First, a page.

Baby’s taciturn and withdrawn nature leaves him paranoid and suspicious; the fuss about Baby’s several iPods makes no sense to him.
Cast: Ansel Elgort, Lily James, Kevin Spacey, Jon Hamm, Jamie Foxx, Eiza Gonzales
Director: Edgar Wright
The protagonist of Edgar Wright’s eponymously titled action-musical Baby Driver is not a character who is driven by music. Instead, he carefully curates songs on several of his iPods and, in a way, dances to their tune. In one of the early scenes in the film, his accomplices engage in a banter and delay their heist by a few seconds, prompting Baby to rewind the song (Neat Neat Neat by The Damned). The robbery has to be neat, in sync with the beat.
As the backstory reveals, Baby’s parents had a troubled marriage. To drown out the noise of their daily arguments, Baby would sleep with his earphones in. After he is involved in a car crash, which kills his parents, Baby is left with tinnitus for life. Now his excuse for his perpetual proclivity for music is to suppress the ringing in his ears. What it also does is that it helps him muffle the humdrum existence of those around him. He secretly records snippets of conversations and remixes them with his own music, creating a situational rhythm that he would perhaps later have an opportunity to sway to. He wears his sunglasses even indoors, and remains unfazed when Jamie Foxx’s character snatches two pairs off of his face only to discover a third one in store. Baby is cool, and he knows it.
After the death of his parents, he gets involved in a theft that goes awry, and leaves him in Doc’s (a no-nonsense and witty Spacey) debt. To pay it off, Baby must serve as a getaway driver for all the heists that Doc — notorious for not working with the same crew twice — plans. Such is Doc’s faith in Baby’s ability to get out of sticky situations, and indeed, he is hardly proven wrong. The first car-chase sequence of the film is so exquisitely choreographed; every bend in the road, every bump is in step with the music. The scene, which follows, a tracking shot wherein Baby walks down the street to get coffee makes use of lyrics written on signboards and windows. He stops in front of a shop with saxophones painted on its window just when saxophones are introduced in the song. It is both an audio and a visual delight.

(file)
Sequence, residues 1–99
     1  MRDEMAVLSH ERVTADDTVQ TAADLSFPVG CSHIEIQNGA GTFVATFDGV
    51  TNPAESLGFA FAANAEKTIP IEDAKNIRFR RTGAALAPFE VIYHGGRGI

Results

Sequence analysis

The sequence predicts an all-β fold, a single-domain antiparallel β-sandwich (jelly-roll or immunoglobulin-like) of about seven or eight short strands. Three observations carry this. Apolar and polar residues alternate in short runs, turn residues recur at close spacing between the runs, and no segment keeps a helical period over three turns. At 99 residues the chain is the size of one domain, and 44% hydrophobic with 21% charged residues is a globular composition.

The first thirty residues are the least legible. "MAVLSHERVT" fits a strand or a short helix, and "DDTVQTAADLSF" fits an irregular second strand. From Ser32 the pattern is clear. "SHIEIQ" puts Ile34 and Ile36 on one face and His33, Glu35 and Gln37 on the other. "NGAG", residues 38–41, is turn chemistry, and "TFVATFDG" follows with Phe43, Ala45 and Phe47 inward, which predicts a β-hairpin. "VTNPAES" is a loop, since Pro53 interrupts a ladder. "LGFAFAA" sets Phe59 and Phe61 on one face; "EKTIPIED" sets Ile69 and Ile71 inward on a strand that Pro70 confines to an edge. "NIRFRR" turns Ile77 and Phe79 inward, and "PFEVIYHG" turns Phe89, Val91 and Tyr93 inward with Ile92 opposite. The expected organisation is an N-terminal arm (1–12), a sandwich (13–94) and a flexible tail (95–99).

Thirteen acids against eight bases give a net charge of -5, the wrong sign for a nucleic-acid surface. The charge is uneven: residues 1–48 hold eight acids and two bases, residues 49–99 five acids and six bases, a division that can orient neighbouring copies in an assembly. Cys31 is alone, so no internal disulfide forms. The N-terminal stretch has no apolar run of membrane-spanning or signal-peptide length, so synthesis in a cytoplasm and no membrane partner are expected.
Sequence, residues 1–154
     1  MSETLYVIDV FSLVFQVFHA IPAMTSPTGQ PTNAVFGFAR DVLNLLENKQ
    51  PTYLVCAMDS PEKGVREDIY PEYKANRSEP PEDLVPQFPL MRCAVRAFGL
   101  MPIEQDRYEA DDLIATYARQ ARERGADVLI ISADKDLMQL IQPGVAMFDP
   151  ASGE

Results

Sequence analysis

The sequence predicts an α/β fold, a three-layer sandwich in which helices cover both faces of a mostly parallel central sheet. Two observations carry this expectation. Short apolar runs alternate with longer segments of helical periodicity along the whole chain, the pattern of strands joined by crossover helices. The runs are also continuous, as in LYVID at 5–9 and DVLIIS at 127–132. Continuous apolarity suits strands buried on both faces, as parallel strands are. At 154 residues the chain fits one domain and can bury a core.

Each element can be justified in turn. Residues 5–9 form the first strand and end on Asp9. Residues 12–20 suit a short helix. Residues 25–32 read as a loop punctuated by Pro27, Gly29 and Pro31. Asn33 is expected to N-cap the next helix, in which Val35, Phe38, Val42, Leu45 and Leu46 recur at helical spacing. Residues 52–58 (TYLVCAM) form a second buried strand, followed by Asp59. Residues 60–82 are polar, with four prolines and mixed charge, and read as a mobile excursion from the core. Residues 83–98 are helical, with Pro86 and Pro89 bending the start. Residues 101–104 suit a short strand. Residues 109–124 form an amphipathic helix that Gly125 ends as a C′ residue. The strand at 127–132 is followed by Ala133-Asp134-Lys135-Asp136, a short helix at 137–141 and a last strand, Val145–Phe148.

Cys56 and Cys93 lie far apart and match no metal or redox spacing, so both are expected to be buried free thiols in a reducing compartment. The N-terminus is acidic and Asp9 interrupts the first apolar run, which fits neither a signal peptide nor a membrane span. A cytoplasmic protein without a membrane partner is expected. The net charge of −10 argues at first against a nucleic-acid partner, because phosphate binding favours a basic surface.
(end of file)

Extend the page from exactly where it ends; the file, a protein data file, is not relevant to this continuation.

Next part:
Doc brings three characters to work with him. Jon Hamm menacingly plays Buddy, a former Wall Street employee who ran away to get drugs, and is married to Darling (Gonzales), who was his favourite stripper. Jamie Foxx’s Bats is a batshit crazy guy, who is always volatile and unhinged, and takes pride in announcing that he is the only person with mental issues. Baby’s taciturn and withdrawn nature leaves him paranoid and suspicious; the fuss about Baby’s several iPods makes no sense to him. “You so looney, you got your own tunes,” jokes Bats. (The film is generously peppered with more of such one-liners.)
The chase scenes — which are never dizzying in their pace — are balanced with Baby’s blooming romance with Debora (an endearing Lily James), who shares his dream of driving out West while listening to music. Baby, although always on the road, inhabits a limited space: his destination is always decided beforehand, along with the time of arrival and departure. Debora provides him with the fantasy of hitting the road that leads nowhere. She enters the frame delicately swaying to Clara Thomas’ B-A-B-Y, and complains about how every song in the world references “baby”. She has only two in her name. Indeed, this becomes a metaphor for their love story as well. She has no agency; the wheels spin only around Baby.
The writer is programmer, Lightcube Film Society